Flavanols from tea accumulate in the cell nucleus, which could help in understanding their beneficial health effects © Shutterstock

Everyone knows that a cup of tea is good for you, but the exact reasons for this are not clear. To discover the fundamentals of tea’s health benefits, scientists in Germany have investigated the interactions of compounds from tea with cells on a molecular level.

Both green and black tea contain  around 30,000 polyphenolic compounds, some of which have been shown to have numerous health benefits, including reducing cardiovascular disease, osteoporosis and inflammation. Despite their positive effects, which have been seen in epidemiological findings and clinical trials, their exact biochemical mechanism is still not clear. Polyphenols can act as antioxidants, and for a long time this was thought to be the reason for their health benefits. However, recent studies have shown that this only plays a small part in their effectiveness.

Read the full article in Chemistry World.

Tweet: RT @ChemistryWorld We love a cup of tea at Chemistry World Towers but why exactly is it so good for you? http://rsc.li/TEfBON

Link to journal article
Phenolic promiscuity in the cell nucleus – epigallocatechingallate (EGCG) and theaflavin-3,3′-digallate from green and black tea bind to model cell nuclear structures including histone proteins, double stranded DNA and telomeric quadruplex DNA
Gediminas Mikutis, Hande Karaköse, Rakesh Jaiswal, Adam LeGresley, Tuhidul Islam, Marcelo Fernandez-Lahore and Nikolai Kuhnert
Food Funct., 2013, Advance Article
DOI: 10.1039/C2FO30159H

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Food & Function issue 12 now published online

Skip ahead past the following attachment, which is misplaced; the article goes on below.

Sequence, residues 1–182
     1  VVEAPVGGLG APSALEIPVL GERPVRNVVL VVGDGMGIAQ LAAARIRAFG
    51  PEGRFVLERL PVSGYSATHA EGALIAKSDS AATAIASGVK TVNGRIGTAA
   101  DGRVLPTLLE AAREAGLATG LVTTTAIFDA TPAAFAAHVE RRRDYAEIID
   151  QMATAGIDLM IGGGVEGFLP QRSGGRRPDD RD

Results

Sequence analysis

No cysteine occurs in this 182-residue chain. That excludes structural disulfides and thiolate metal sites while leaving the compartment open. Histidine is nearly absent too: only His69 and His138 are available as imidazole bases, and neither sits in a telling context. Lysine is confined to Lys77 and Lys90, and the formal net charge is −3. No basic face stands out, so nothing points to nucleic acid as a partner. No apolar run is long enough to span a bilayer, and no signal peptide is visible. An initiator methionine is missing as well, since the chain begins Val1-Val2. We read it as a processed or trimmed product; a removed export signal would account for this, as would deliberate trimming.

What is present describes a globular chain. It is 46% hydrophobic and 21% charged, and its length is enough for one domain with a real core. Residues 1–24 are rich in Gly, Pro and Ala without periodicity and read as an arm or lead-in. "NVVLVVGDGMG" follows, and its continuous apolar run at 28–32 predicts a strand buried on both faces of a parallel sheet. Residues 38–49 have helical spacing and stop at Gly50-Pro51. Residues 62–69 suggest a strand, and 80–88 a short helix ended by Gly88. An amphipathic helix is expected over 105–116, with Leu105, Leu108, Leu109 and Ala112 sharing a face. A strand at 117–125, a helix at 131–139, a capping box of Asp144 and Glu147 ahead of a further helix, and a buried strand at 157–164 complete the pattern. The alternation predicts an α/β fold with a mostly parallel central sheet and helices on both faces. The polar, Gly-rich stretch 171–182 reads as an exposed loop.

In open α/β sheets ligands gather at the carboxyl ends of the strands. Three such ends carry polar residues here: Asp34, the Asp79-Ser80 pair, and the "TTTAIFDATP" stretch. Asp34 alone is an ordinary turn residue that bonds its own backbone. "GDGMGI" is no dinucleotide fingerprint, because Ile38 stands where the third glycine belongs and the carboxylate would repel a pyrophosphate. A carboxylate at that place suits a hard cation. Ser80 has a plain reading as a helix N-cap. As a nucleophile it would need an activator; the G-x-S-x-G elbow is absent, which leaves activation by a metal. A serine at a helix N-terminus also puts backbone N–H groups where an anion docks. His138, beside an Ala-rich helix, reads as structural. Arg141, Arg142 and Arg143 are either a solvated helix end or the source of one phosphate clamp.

Issue 12 of Food & Function is now available to read online.

This month’s front cover highlights the review article by Juliet Gerrard and colleagues from New Zealand who look at the role the Maillard reaction has played in the formation of flavour compounds in dairy products.  There has been a lot of focus recently on the undesirable flavours produced through the Maillard reaction and how to minimize these, but the reaction also produces beneficial flavours as well.  This review looks at the reaction as the source of favourable flavours for cooked dairy products and the models used to study flavour formation in food systems.  They found that these models can be too simplified and are not easily applicable to complex food systems - identifying a gap which needs to be bridged.

The role of the Maillard reaction in the formation of flavour compounds in dairy products – not only a deleterious reaction but also a rich source of flavour compounds, Angela E. Newton, Antony J. Fairbanks, Matt Golding, Paul Andrewes and Juliet A. Gerrard, Food Funct., 2012, 3, 1231-1241

Your can read this article for free for 6 weeks!

You can keep up to date with the latest developments from Food & Function by signing up for free table of contents alerts and monthly e-newsletters.